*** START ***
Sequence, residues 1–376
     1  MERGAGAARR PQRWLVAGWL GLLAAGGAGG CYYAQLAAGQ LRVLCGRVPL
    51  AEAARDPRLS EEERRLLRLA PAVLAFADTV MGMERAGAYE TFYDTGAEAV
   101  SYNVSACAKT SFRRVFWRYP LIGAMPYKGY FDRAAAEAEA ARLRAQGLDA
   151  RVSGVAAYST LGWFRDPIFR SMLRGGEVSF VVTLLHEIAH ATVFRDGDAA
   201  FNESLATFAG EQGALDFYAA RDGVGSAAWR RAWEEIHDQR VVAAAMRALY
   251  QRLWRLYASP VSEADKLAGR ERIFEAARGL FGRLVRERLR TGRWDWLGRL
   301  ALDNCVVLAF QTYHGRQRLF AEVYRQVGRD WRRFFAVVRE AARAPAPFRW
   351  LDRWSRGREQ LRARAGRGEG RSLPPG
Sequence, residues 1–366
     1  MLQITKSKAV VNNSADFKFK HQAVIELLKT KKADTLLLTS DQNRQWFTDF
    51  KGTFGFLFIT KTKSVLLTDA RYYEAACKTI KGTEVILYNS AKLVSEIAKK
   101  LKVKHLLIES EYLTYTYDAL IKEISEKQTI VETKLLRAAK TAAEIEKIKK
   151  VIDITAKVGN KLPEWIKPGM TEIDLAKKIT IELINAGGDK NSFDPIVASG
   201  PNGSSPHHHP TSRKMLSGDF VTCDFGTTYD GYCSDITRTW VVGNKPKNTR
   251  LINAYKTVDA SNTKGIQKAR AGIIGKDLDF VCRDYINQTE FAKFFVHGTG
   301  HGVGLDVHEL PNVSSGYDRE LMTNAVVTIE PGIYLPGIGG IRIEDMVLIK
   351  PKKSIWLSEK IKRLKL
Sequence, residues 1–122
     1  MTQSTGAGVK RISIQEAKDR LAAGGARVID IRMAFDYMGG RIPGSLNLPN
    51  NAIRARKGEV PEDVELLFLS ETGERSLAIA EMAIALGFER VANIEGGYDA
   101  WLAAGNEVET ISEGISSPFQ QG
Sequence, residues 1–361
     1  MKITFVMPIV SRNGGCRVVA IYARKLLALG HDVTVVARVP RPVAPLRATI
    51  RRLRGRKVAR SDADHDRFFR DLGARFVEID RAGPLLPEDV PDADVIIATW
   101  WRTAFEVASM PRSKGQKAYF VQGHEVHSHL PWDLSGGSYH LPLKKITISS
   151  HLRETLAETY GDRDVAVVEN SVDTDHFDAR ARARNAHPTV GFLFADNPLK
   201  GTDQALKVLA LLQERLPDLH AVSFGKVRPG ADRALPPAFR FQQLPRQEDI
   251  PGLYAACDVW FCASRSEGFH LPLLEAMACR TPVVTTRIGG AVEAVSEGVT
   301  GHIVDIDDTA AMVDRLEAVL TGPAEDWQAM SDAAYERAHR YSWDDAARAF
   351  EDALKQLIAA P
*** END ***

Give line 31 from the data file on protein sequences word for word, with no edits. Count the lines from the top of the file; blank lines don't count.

   351  EDALKQLIAA P